The giver and the gift: A Christian's delight in things

In choosing between meaning and pleasure we always make the wrong choice. Pleasure without meaning is vapid; meaning without pleasure is crushing. In its own way, each is nihilistic without the other. But we don’t need to choose. The unity of meaning and plea­sure, which we experience as joy, is given with the God who is Love.

But how are meaning and pleasure united? Relationship to God belongs to the very makeup of human beings. Whether we are aware of it or not, in all our longings, in one way or another, we also long for God. Our lives are oriented toward the infinite God, and they find meaning in relation to the God who created the world and will bring it to consummation.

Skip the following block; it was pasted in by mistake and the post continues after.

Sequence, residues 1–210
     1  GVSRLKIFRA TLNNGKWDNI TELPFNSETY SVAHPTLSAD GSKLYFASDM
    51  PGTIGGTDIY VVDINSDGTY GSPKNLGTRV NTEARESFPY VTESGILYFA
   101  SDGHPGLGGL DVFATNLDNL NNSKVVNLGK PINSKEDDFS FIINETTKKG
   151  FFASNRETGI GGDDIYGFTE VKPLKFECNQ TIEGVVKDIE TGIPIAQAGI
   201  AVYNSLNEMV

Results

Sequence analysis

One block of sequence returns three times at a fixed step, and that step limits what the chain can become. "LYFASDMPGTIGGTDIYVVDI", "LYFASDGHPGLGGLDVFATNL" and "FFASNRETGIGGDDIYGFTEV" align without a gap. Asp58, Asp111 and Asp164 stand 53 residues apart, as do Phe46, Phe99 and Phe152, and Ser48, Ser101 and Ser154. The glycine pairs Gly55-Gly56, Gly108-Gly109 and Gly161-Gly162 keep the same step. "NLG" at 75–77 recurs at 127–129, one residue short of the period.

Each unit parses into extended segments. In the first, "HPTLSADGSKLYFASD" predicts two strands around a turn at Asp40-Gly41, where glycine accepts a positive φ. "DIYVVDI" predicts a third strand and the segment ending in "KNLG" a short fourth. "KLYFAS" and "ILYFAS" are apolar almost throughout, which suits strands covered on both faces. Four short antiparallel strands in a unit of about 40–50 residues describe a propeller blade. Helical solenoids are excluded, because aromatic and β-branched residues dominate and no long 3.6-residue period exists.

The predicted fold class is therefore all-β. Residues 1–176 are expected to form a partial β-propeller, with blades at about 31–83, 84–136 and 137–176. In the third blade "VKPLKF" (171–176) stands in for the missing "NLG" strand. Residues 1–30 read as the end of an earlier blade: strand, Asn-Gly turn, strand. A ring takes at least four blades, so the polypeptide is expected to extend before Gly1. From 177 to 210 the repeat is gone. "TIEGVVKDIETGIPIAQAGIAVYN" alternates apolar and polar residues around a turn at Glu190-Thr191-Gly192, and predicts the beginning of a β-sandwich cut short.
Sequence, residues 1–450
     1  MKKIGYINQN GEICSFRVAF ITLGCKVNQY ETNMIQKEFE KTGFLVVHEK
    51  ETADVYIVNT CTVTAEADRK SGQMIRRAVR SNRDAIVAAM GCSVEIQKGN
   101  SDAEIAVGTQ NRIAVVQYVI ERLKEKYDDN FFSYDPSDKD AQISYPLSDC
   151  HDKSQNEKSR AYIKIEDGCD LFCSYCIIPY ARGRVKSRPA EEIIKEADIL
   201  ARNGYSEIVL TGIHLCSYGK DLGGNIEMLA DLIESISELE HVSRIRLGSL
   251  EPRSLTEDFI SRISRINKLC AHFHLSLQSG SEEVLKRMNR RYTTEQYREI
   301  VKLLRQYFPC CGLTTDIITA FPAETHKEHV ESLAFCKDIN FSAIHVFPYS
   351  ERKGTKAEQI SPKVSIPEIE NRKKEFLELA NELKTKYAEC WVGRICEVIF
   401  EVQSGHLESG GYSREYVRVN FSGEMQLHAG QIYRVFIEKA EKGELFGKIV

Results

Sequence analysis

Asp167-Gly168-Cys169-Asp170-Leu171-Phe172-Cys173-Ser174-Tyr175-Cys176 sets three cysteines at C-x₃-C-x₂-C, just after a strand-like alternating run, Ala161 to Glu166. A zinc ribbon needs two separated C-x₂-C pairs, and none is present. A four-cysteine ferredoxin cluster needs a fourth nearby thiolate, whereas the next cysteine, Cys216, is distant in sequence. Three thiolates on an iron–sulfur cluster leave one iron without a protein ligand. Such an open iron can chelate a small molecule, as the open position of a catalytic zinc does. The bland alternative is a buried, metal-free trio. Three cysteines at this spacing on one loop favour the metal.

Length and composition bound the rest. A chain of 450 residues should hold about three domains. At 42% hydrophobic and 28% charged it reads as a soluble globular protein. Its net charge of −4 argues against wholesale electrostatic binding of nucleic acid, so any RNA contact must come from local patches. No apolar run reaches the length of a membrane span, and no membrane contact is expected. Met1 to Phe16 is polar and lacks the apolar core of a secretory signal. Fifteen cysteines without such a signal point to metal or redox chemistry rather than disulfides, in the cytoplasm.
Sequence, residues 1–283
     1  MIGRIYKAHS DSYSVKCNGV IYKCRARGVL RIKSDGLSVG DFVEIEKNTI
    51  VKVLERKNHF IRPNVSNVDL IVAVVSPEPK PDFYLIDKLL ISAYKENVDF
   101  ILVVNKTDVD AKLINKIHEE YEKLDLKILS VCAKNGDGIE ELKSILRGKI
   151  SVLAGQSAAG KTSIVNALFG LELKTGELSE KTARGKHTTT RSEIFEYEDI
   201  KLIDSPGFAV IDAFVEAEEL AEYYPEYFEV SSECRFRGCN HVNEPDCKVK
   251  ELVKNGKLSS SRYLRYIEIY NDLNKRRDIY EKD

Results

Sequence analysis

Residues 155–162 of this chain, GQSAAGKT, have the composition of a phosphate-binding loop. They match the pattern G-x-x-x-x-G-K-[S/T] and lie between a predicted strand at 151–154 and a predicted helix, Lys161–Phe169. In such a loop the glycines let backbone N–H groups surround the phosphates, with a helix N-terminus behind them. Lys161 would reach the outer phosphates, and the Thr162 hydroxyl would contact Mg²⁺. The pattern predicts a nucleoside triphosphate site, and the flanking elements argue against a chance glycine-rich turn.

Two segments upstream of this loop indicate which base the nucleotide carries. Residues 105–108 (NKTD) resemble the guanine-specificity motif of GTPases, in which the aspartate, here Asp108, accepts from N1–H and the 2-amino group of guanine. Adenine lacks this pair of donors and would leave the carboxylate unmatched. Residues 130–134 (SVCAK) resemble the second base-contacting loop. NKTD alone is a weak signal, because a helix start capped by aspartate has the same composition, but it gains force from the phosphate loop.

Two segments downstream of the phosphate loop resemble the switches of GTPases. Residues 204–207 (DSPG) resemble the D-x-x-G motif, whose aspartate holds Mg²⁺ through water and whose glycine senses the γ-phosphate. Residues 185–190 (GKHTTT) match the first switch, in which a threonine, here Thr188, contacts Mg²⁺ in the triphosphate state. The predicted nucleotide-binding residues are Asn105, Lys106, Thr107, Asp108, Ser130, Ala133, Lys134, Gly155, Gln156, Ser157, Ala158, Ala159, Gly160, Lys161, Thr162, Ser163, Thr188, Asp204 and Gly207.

Apart from God, with the earth of our existence unchained from its sun, the deeper meaning of our lives, the kind that doesn’t subvert itself by its arbitrariness, eludes us. Parched for meaning, we then project the power to give meaning onto the finite goods that surround us—the muscle tone of our bodies, steamy sex, loads of money, success in work, fame, family, or nation. Looking for meaning in finite things is a bit—in one regard and to a degree only—like expecting sexual fulfillment from pornography: it isn’t just addictively unfulfilling; as a crass simulacrum of a genuine good, it eats away at our ability to enjoy actual sex.